My husband is working at a place where everyone wears masks. I am higher risk & retired… Should he be sleeping in a separate room from me?

Families Infection and Spread Staying Safe

A: When bed partners have varying degrees of risk of exposure and vulnerability to the disease, it’s worth discussing sleeping in separate spaces.

The Nerdy Girls call this COVID Bed Spread.

Here are some benefits to sleeping apart from other household members:

1.) REDUCED RISK OF VIRAL EXPOSURE (in both directions). Spending six or more hours of your night in close proximity to another person’s face poses a risk of viral exposure through respiratory droplets and shared air. Remember, many people are asymptomatic for a few days after they are infectious, so you may not know if you or your bed partner is infectious until it is too late.

2.) BETTER SLEEP. If your bed partner snores or tosses in the night, getting a quiet and still place to rest your head will likely improve your sleep, and bring with it a host of psychological and health benefits, including boosted immunity.

3.) BETTER RELATIONSHIPS. Dr. Wendy Troxel, Senior Behavioral Scientist at the RAND Corporation, suggests that this nighttime separation can have a positive influence on daytime relationships for some couples. If you are sleep deprived, you are less able to see things from your partner’s perspective and more likely to engage in conflict. “Couples are experiencing more ‘togetherness’ than ever before, while at the same time experiencing increased stress levels due to the pandemic. This can breed tension and conflict in the relationship, which is made worse by sleep deprivation. For some couples, sleeping apart, even temporarily, can provide that needed sense of space, and can benefit the relationship, if it means both partners are sleeping better.”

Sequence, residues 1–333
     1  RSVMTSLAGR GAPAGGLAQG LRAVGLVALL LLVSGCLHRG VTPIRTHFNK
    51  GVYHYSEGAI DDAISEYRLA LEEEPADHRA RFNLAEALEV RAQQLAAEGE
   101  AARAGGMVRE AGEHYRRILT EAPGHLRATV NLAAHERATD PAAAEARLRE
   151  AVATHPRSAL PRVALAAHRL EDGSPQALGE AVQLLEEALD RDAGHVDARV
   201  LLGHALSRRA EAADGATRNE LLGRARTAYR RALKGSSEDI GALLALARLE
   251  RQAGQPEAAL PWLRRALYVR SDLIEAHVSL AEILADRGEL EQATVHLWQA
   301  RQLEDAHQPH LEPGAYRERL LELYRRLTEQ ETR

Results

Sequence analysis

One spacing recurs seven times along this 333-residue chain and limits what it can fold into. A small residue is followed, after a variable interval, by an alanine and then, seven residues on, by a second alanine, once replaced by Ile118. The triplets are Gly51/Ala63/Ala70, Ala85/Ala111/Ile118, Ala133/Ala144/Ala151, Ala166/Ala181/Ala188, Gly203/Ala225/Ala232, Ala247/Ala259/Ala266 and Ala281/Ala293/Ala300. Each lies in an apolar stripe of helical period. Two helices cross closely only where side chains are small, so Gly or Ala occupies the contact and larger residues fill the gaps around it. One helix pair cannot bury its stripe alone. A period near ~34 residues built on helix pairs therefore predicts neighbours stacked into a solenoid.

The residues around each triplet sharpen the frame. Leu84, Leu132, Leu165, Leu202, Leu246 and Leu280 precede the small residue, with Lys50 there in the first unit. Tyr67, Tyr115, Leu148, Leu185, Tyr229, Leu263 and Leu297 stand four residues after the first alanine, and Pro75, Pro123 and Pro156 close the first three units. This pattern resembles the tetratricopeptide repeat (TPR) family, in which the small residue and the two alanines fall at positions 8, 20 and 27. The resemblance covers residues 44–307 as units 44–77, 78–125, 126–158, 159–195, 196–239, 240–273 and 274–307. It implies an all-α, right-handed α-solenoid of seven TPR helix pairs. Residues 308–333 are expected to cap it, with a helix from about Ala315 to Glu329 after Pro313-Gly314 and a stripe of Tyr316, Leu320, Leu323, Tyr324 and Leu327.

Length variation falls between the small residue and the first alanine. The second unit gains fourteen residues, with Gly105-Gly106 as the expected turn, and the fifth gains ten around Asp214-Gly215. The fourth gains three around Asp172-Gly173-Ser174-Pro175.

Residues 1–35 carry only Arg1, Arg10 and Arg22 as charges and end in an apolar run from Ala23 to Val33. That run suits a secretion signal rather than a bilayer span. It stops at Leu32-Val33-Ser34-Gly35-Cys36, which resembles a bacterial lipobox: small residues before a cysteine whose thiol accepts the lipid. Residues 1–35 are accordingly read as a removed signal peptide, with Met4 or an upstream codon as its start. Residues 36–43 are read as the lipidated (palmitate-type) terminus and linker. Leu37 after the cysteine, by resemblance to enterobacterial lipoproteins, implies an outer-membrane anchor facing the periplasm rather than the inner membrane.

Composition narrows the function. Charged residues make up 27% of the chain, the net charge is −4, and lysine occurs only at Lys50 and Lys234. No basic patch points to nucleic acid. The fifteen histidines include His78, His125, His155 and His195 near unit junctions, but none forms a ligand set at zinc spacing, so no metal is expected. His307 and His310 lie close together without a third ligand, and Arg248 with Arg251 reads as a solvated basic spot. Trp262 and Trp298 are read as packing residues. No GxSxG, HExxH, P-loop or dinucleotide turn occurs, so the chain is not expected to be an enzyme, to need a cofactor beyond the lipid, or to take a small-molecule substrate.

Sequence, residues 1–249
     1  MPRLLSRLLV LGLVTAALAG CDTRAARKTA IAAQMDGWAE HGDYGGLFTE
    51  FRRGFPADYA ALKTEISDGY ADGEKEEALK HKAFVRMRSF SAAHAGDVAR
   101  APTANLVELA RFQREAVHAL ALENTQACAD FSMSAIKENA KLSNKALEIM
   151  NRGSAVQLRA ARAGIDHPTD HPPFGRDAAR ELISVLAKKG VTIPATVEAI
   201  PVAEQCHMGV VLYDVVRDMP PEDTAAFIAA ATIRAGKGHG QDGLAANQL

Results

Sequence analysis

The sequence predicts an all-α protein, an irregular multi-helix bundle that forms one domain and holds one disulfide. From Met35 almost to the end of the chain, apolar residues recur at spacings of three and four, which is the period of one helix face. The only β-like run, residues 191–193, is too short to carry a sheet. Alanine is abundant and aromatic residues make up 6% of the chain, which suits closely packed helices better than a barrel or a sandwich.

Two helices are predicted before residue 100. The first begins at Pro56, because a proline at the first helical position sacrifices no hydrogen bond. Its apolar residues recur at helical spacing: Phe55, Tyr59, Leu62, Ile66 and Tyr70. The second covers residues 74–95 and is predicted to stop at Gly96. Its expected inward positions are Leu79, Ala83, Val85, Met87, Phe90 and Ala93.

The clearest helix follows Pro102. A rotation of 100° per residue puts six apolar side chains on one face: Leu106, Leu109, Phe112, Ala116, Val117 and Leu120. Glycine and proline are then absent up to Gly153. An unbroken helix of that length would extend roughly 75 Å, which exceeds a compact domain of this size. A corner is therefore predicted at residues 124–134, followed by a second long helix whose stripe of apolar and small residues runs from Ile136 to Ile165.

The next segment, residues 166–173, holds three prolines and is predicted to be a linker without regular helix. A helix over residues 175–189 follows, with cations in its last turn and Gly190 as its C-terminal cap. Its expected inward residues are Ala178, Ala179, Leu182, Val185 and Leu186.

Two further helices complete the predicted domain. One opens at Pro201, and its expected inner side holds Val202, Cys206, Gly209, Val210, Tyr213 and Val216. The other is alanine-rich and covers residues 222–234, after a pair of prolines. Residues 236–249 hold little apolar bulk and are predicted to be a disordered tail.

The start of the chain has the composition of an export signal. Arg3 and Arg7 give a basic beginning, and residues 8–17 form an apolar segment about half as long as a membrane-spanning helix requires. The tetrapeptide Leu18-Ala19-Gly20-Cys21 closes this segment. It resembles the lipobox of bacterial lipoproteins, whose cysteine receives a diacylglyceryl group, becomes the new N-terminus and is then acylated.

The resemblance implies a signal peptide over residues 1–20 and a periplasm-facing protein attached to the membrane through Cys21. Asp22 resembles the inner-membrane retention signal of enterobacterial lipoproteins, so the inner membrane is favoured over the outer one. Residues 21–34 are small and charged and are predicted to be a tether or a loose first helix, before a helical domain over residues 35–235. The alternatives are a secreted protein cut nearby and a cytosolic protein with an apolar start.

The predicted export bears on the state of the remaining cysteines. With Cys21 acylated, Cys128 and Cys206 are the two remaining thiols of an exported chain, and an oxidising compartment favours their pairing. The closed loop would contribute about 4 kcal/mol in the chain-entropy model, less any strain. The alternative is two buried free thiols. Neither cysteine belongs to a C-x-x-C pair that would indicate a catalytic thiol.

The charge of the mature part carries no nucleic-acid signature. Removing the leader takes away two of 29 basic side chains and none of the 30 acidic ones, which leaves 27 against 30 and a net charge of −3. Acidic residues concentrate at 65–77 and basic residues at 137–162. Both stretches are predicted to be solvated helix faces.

4.) ALONE TIME. Sharing a household during a pandemic can sometimes feel like you never get any quiet time to yourself, especially for those of us with families. Even getting 20-30 minutes before falling asleep where you are all by yourself could allow you to meditate, read, stretch, or finish up some boring household tasks. Just try not to use that time doomscrolling on Facebook.

It should go without saying that if you (or your bed partner) are sick or have symptoms, the answer to this question is a resounding YES. Do not share a bed if somebody is sick. The CDC provides advice on what to do if you get sick and how to isolate from other household members.

Of course, if you and your bed partner are both low risk and are able to get sufficient restorative sleep while sharing a bed, continue practicing social distancing during the day, and rest easy knowing that you can snuggle up safely together at night.

Finally, we’ll note that there’s no one-size-fit-all strategy for couple sleeping arrangements. Talk openly with your bed partner about finding the optimal sleeping plan for your specific circumstances and needs.

For more reading about how couples sleep, check out Dr. Troxel’s forthcoming book.

Term Credit: We created the term COVID Bed Spread after an exchange on Twitter, rethinking an alternative for the phrase Sleep Divorce.

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